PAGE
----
Green business: indigenous communities and businesspeople increase timber sales and conserve the forest | WWF

Green business: indigenous communities and businesspeople increase timber sales and conserve the forest



Posted on 30 March 2011
Sunset on the Corrientes river, a tributary of the Amazon river, Peru
© Brent Stirton / WWF Perú
Lima. “Scientists are now studying healthy populations of jaguars and pumas in timber harvest areas, which seemed impossible before”, states an optimistic Alfredo Rodriguez, Markets Specialist for WWF Peru. “The promotion of best forestry practices is spreading throughout the Peruvian Amazon, proving that business and conservation can coexist, and even create added value”, he continued.

Peru is the country with the second largest forest area in the Amazon, with more than 70 million hectares of forests. Therefore, it is no surprise that informal extractive activities haVE affected its forests and the peoples that have inhabited them for decades. However, in recent years the reality has been dramatically changing. Indigenous peoples and businesses from all over the Amazon have organized themselves and are now adopting best timber harvest, transportation and processing practices, and strengthening their links with international markets.

“Certification consists of guaranteeing that the different stages of the process of extraction and commercialization of forest resources meet high environmental and social standards. This opens a range of opportunities for conservation and business in the forest”, asserts Rodriguez.

The Shipibo indigenous communities from the Callería river basin in Ucayali were the pioneers in this field, certifying the first 35 000 ha of communal forests some years ago, and reaching the number of 59 000 ha certified by the Forest Stewardship Council (FSC) this year, with the help of WWF Netherlands. South of Ucayali, in Madre de Dios, a region known by its enormous biological diversity, the Bélgica indigenous community has also being sustainably managing 53 000 ha of forests with great success.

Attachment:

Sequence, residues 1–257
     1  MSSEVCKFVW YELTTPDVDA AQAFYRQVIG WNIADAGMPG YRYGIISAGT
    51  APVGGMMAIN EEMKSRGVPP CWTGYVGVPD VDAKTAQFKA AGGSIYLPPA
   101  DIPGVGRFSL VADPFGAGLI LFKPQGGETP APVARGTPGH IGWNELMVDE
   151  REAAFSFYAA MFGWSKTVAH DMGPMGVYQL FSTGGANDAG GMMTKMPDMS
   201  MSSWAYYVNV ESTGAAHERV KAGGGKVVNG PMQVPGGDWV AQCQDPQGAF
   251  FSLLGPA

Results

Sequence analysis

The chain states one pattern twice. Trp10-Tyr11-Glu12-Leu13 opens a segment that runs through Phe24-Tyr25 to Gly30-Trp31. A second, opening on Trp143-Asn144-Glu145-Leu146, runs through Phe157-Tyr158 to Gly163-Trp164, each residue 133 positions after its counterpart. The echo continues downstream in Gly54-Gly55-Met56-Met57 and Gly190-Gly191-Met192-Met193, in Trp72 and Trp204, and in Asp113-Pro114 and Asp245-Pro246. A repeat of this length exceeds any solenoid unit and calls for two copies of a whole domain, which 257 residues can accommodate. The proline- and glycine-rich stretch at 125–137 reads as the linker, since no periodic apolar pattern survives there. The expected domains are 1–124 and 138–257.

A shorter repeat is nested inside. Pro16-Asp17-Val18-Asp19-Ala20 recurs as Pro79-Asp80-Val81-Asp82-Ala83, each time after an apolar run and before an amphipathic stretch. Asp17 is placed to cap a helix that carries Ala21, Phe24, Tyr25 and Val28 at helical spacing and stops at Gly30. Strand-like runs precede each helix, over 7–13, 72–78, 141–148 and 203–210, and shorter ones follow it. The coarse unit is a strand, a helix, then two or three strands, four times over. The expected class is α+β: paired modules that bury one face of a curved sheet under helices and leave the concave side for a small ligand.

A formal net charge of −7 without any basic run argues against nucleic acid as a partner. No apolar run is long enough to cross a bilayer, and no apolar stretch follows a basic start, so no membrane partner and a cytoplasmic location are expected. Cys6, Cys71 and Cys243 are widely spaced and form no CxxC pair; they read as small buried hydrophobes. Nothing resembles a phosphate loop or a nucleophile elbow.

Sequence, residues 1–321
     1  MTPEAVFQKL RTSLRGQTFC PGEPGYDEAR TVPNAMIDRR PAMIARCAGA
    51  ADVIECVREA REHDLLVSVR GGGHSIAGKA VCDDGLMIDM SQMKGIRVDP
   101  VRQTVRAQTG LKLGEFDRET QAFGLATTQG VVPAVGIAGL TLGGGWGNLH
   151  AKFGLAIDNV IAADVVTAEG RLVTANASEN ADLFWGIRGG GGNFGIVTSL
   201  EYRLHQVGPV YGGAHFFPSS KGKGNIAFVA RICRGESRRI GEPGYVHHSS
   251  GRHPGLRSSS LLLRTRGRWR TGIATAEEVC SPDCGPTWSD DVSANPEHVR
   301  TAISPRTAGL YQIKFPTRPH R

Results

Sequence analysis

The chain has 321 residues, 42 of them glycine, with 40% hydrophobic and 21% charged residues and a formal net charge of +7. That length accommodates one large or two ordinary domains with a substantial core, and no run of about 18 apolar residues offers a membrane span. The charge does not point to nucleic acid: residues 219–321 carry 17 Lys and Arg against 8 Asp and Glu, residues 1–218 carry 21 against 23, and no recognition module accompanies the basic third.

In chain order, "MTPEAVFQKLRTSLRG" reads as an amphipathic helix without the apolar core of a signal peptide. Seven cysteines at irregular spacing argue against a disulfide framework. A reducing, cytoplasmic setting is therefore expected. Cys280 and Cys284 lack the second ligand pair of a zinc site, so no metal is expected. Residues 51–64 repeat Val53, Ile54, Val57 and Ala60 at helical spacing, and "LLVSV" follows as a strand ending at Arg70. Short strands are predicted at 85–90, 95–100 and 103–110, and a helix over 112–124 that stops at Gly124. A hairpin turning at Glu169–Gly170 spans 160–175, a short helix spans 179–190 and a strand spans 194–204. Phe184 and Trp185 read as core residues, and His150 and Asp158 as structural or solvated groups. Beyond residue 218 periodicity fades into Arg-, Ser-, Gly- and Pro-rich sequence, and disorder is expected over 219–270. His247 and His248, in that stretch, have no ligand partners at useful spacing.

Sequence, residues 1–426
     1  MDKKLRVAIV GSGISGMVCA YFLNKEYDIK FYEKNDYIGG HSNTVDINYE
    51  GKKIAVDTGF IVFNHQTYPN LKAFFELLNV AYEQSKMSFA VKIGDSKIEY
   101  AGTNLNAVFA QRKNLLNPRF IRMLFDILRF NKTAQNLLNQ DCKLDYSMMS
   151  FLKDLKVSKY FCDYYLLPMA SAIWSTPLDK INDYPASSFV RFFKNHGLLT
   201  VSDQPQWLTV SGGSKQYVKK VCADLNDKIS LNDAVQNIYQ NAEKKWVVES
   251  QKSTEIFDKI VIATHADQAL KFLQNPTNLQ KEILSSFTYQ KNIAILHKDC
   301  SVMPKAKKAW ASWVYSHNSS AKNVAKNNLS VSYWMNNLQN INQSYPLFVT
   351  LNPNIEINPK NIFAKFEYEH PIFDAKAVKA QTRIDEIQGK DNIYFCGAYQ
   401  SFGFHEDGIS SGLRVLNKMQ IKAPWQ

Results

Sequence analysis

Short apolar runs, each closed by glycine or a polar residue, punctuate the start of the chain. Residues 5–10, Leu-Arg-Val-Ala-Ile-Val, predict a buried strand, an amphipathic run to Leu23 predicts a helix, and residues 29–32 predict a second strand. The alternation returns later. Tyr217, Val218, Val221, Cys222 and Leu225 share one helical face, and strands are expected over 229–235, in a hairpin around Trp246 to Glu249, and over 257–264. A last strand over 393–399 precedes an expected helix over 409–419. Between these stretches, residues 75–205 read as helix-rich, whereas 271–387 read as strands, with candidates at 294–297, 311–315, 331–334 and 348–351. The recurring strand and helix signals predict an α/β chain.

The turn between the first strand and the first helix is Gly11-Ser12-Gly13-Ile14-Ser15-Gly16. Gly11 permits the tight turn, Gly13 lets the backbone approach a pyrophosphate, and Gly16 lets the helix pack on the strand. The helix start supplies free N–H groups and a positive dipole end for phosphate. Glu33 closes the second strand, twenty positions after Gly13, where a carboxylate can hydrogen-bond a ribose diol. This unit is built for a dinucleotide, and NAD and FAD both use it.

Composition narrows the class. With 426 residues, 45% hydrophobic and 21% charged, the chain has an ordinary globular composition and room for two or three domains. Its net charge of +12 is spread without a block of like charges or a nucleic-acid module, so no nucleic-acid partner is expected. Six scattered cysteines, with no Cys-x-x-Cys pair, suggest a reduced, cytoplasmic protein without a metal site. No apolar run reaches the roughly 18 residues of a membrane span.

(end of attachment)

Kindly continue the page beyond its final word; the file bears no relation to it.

Now, forestry businesses follow the good example of indigenous peoples, and companies such as the Pumaquiro Catahua and Tahuari concessions in Madre de Dios have certified a total of 75 000 hectares. Similarly, in Loreto, the company “Green Gold Forestry” has obtained the certification of 35 000 ha as well as their sawmill, which will ensure the continuity (or “traceability”) of the process and the transformation of the raw material.

Since early 2008, and with the help of the United States Agency for International Development (USAID), WWF Peru has been promoting a comprehensive reform of the national forest sector that is helping curb indiscriminate logging and illegal timber trade, preventing the disappearance of the fragile ecosystems of the Amazon. In this context, WWF has provided assistance in the certification of more than 500 000 ha of forests in indigenous communities and forest concessions. Only in the beginning of this year, the certified area has increased by almost 25% (more than 150 000 ha).

The challenge now is to ensure that certification generates enough incentives to encourage these best harvest practices. With this purpose, WWF Peru, with the support of the Citi Foundation and WWF Switzerland, has been promoting the incorporation of these exemplary forest operators into the Global Forest Trade Network (GFTN), which allows the establishment of control and monitoring processes, but more importantly, the maintenance of the local forest offer, which is closely linked to many markets that demand products of legal origin that come from well-managed forests and fair trade.

Sunset on the Corrientes river, a tributary of the Amazon river, Peru
© Brent Stirton / WWF Perú Enlarge